Since the time of Tony Blair and Gerhard Schröder, social democrats in Europe have declined in electoral support. But is this trend reversing?
In 1994, social democrats held about 35% of the seats in the European Parliament, which decreased to 29% by 1999, continuing its decline to 27% in 2004, and 25% in 2009 and 2014, respectively. In 2019, the last EU election, support for the left-leaning group plummeted to 21%.
Granted, new states joined the EU over the years, and national EU electoral systems were modified, which makes comparison tricky. Also, seat shares only roughly translate into vote share because larger states are proportionally underrepresented in the bloc’s co-legislator.
Regardless, the story of social democrats’ decline is well-documented.
In January 2020, EURACTIV’s polling partner Europe Elects projected that if an election were held, only 18% of the seats and EU-wide popular vote would go to social democratic parties. However, the waning of the past 20 years seems to have since halted, at least for now.
In the past three years, social democrats have not fallen below 18% and would currently receive 20% of the seats. However, it is far too early for centre-left joviality as that result is still below the 2019 election result. Moreover, the lack of data makes it difficult to identify other multi-year recovery phases in support of the centre-left between elections, even if they did occur.
Still, with only one more year until the 2024 EU elections and given the indolent ‘party’ system at the bloc level, the boost in support can be seen as an unusual treat for social democrats in Europe.
We can only speculate about the sustainability and causes of this stabilisation. The temporary halt in decline at 25% after the 2014 elections was followed by further collapse five years later.
One could argue tectonic shifts affecting public life at the end of the last decade, such as Brexit and the coronavirus pandemic, helped to consolidate support around policies that promote a social democratic state that favours European integration. An uptick in support observable after the beginning of Russia’s invasion of Ukraine in 2022 also points in this direction.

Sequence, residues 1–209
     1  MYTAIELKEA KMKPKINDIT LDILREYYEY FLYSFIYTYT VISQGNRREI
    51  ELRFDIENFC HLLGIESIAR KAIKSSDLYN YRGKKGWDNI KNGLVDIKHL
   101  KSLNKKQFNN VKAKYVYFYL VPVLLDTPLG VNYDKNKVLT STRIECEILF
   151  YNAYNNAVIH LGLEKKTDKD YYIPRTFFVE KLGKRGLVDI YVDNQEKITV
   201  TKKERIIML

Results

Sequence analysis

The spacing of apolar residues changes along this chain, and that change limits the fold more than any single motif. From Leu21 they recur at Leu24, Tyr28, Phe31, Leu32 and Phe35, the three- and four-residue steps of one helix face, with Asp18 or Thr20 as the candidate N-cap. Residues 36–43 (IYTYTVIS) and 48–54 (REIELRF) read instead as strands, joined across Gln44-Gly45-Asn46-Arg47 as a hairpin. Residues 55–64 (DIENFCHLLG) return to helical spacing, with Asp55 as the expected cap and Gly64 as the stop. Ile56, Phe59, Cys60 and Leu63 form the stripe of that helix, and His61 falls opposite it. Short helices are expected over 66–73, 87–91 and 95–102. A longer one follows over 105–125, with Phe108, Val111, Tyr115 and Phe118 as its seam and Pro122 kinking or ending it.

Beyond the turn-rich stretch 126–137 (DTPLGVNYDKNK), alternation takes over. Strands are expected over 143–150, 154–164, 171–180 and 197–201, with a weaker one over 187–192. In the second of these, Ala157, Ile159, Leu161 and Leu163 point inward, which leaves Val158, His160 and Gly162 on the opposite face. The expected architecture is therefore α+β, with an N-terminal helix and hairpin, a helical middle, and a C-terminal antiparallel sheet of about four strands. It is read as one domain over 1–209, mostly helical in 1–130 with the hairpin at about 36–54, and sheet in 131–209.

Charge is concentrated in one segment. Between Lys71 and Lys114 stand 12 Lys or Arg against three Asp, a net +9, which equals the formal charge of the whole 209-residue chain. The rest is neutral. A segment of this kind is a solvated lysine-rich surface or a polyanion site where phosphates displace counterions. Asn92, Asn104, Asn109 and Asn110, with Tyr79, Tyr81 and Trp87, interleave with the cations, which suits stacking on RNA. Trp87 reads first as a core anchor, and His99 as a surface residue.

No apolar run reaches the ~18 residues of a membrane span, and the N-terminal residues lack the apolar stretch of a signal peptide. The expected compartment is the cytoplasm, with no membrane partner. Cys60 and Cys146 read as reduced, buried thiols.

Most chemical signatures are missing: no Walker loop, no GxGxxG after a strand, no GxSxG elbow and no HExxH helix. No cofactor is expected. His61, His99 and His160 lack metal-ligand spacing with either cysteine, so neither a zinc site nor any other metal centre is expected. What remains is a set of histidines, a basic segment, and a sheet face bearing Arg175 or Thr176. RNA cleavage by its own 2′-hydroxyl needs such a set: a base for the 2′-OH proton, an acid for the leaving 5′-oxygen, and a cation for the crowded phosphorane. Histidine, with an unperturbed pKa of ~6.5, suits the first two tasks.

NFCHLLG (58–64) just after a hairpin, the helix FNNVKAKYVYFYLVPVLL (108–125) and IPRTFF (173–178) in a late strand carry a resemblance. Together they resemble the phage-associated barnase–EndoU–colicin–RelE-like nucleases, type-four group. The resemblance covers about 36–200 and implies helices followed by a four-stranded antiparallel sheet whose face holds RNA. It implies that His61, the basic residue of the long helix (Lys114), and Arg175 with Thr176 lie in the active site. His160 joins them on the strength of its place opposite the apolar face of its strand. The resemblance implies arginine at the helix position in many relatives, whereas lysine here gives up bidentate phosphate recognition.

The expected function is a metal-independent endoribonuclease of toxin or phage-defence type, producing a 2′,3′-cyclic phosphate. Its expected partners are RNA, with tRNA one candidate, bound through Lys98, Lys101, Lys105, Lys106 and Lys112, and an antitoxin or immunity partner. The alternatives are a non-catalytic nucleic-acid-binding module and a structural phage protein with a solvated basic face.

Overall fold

Nevertheless, looking at the other parties shows that voting behaviour in the past four years has been remarkably stable in Europe on an aggregate level.
The centre-right EPP Group in the EU Parliament is projected to win 160 seats, 16 less than they currently have. The Social Democrats (S&D) are projected to win 143, one less than they now hold. The liberal Renew Europe group would remain in third position with 99 seats, three less than they have now.
Data suggests the biggest boost in support for the national-conservative ECR Group in Europe, which is projected to overtake the Greens/EFA Group (projected 56 seats, minus 15) and the right-wing Identity and Democracy Group (projected 63, minus one) with 84 seats (+21).
The Left is also on the rise, projected to win 48 seats (+10). Forty-five seats (-19) would go to unaffiliated MEPs, while seven seats could be snatched by new parties that, at this point, have no ties with any of the groups mentioned before.
In 2019, the ECR and the Left Group had issues mobilising their national parliament electorate for EU elections (on which the current projection is based), while The Greens/EFA performed above expectations. This could mean the swings for the three political groups are likely not to be as strong as projected.
(Tobias Gerhard Schminke | EURACTIV.com with Europe Elects)